Voyager Therapeutics has begun patient dosing in a Phase 2 trial testing its investigational VY-AADC gene therapy in Parkinson’s patients whose motor symptoms are not responding adequately to oral medication.
The trial, called RESTORE-1 (NCT03562494), is recruiting participants across seven sites in the United States.
VY-AADC is a therapy that delivers the DDC gene, which provides instructions for making the AADC enzyme, directly to brain cells in the putamen region. The enzyme converts the standard-of-care Parkinson’s treatment levodopa into dopamine, the signaling molecule that is lacking in Parkinson’s disease.
The approach is expected to bypass the effects of degenerating dopamine neurons in the substantia nigra, a part of the midbrain, by increasing dopamine levels in the putamen.
The treatment also effectively increased AADC enzyme activity, allowing patients to reduce their doses of oral levodopa. Also, patients reported significant improvement in quality of life.
The newly begun Phase 2 trial aims to determine whether VY-AADC is better than a placebo at reducing motor fluctuations in Parkinson’s patients whose symptoms are not effectively controlled with levodopa or related treatments.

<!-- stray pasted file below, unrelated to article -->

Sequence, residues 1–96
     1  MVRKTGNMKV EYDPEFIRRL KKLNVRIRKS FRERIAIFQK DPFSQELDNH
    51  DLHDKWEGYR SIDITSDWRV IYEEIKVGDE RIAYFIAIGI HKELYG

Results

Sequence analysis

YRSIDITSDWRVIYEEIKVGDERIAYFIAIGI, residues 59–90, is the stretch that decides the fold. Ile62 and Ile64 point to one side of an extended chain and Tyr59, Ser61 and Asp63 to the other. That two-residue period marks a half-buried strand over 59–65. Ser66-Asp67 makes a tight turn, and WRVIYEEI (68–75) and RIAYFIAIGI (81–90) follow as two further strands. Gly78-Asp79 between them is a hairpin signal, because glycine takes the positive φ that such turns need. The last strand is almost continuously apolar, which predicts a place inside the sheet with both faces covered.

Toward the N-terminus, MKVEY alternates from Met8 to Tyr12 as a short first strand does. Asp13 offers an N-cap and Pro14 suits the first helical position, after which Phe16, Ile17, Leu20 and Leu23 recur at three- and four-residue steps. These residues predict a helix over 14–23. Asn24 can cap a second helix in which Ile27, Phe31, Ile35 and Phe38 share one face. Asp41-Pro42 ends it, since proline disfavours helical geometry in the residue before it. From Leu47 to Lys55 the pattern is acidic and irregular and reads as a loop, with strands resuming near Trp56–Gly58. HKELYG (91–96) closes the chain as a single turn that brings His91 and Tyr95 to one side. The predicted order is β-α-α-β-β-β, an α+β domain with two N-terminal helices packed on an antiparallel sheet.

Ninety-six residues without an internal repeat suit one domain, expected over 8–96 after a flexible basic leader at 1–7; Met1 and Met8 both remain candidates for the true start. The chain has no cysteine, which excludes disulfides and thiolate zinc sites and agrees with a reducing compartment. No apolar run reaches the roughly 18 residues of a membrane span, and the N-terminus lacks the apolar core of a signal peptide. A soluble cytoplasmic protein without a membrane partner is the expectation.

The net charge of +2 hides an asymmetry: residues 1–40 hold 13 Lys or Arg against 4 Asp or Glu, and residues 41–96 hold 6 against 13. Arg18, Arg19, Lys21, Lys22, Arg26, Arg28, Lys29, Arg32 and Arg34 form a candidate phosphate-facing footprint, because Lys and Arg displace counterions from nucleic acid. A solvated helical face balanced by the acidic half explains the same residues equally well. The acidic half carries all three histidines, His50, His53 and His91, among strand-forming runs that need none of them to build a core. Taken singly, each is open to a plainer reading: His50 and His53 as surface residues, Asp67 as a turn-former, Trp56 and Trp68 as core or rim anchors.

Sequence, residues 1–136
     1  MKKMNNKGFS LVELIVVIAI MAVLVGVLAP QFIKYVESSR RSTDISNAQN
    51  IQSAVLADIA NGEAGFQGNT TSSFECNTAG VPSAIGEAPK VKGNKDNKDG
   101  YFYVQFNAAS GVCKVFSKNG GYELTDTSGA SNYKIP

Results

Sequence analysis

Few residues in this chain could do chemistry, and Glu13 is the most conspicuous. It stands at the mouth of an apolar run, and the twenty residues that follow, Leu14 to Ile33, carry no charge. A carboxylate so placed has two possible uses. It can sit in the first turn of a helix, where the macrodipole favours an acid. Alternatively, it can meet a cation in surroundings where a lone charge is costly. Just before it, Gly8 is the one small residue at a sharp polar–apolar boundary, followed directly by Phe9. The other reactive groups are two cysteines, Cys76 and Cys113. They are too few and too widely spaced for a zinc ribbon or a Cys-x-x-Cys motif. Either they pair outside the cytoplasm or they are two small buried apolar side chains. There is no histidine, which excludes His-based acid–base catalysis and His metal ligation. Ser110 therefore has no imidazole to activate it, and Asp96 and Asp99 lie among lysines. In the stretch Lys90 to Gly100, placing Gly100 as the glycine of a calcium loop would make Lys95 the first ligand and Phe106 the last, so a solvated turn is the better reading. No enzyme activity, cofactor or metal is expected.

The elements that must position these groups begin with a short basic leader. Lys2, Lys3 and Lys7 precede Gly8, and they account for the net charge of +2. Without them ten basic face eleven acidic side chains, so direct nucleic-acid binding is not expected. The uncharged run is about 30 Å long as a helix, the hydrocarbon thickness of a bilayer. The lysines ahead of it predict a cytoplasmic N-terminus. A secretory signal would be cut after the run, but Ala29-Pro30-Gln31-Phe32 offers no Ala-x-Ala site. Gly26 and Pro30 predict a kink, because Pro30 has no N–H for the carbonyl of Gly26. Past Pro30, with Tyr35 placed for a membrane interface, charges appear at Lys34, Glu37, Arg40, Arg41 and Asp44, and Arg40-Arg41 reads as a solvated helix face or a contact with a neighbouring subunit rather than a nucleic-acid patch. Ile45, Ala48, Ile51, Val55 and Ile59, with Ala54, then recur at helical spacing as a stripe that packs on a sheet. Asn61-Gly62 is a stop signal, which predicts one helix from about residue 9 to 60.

The trial is expected to enroll approximately 42 patients who have been diagnosed with Parkinson’s disease for at least four years and are not responding adequately to oral medications. To be eligible, participants must be experiencing at least three hours of OFF time during the day, as measured by a validated, self-reported patient diary.
Want to learn more about the latest research in Parkinson’s Disease? Ask your questions in our research forum.
Participants will be randomized to receive either a single infusion of VY-AADC or a placebo into the brain via surgery. They will be followed for 12 months to determine their changes in motor fluctuations, changes in the ability to perform daily activities, and quality of life.
During the new Phase 2 trial, researchers will also determine the efficacy of treatment delivery by assessing AADC enzyme levels and activity in the putamen through positron emission tomography (PET). Changes in patients’ daily doses of oral levodopa and related medications will also be evaluated.
More information about RESTORE-1, including recruitment details, can be found here.
“Patients with Parkinson’s disease need new therapeutic options, especially as the disease progresses and there is less AADC enzyme in parts of the brain where it is needed to convert levodopa to dopamine,” Mark Richardson, MD, PhD, associate professor, director of Epilepsy and Movement Disorders Surgery at the University of Pittsburgh Medical Center and principal investigator in the RESTORE-1 trial, said in a press release.
The U.S. Food and Drug Administration granted regenerative medicine advanced therapy (RMAT) designation to VY-AADC for therapy-resistant motor fluctuations in Parkinson’s patients.